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MIT Professor Runs Record Google Compute Engine job with 220K Cores

Andrew Sutherland of MIT

Over at the Google Blog, Alex Barrett writes that an MIT math professor recently broke the record for the largest-ever Compute Engine cluster, with 220,000 cores on Preemptible VMs. According to Google, this is the largest known HPC cluster to ever run in the public cloud.

Andrew V. Sutherland is a computational number theorist and Principal Research Scientist at MIT, and is using Compute Engine to explore generalizations of the Sato-Tate Conjecture and the conjecture of Birch and Swinnerton-Dyer to curves of higher genus. In his latest run, he explored 1017 hyperelliptic curves of genus 3 in an effort to find curves whose L-functions can be easily computed, and which have potentially interesting Sato-Tate distributions. This yielded about 70,000 curves of interest, each of which will eventually have its own entry in the L-functions and Modular Forms Database (LMFDB).

The flexibility of the Google Compute Engine was key for Sutherland in his quest to explore generalizations of the Sato-Tate Conjecture and the conjecture of Birch and Swinnerton-Dyer to curves of higher genus. In his latest run, he explored 1017 hyperelliptic curves of genus 3 in an effort to find curves whose L-functions can be easily computed, and which have potentially interesting Sato-Tate distributions. This yielded about 70,000 curves of interest, each of which will eventually have its own entry in the L-functions and Modular Forms Database (LMFDB).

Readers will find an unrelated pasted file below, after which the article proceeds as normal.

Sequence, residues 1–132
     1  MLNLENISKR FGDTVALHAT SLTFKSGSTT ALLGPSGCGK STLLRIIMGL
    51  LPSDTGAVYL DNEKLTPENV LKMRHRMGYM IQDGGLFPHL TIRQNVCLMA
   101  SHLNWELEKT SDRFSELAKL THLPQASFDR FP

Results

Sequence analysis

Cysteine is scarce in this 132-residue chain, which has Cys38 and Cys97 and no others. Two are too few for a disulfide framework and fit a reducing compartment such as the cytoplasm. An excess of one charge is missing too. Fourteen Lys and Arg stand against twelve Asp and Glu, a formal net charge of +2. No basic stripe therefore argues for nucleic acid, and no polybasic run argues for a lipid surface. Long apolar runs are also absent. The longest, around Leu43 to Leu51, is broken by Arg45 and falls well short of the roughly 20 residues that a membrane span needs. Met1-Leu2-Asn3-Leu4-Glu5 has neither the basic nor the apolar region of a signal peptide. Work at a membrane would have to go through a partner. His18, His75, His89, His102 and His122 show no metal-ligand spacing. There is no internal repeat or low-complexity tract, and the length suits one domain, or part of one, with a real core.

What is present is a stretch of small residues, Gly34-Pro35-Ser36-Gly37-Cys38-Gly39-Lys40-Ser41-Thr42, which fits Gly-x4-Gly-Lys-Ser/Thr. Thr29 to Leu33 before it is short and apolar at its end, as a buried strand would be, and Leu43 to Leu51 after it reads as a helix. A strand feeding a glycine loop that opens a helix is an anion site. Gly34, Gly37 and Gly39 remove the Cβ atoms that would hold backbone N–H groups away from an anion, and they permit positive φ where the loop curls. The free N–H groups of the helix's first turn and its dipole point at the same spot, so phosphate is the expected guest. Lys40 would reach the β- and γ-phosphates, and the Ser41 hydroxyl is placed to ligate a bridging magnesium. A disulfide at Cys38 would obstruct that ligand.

Sutherland first ran jobs on his own 64-core machine, which could take months, or wrangled for compute time on one of MIT’s clusters. But getting the number of cores he needed often raised eyebrows, and he was limited by the software configurations he could use. By running on Compute Engine, Sutherland can install exactly the operating system, libraries and applications he needs, and thanks to root access, he can update his environment at will.”

Sutherland considered running his jobs on AWS before choosing Google but was dissuaded by its Spot Instances model, which forces you to name your price up front, with prices that can vary significantly by region and fluctuate over time. A colleague encouraged him to try Compute Engine Preemptible VMs. These are full-featured instances that are priced up to 80% less than regular equivalents, but can be interrupted by Compute Engine. That was fine with Sutherland. His computations are embarrassingly parallel — they can be easily separated into multiple, independent tasks — and he grabs available instances across any and all Google Cloud Regions. An average of about 2-3% of his instances are typically preempted in any given hour, but a simple script automatically restarts them as needed until the whole job is complete.”

For Sutherland’s next next run, he hopes to expand his search to non-hyperelliptic curves of genus 3, breaking his own record with a 400,000-core cluster.

It changes your whole outlook on research when you can ask a question and get an answer in hours rather than months,” he said. “You ask different questions.”

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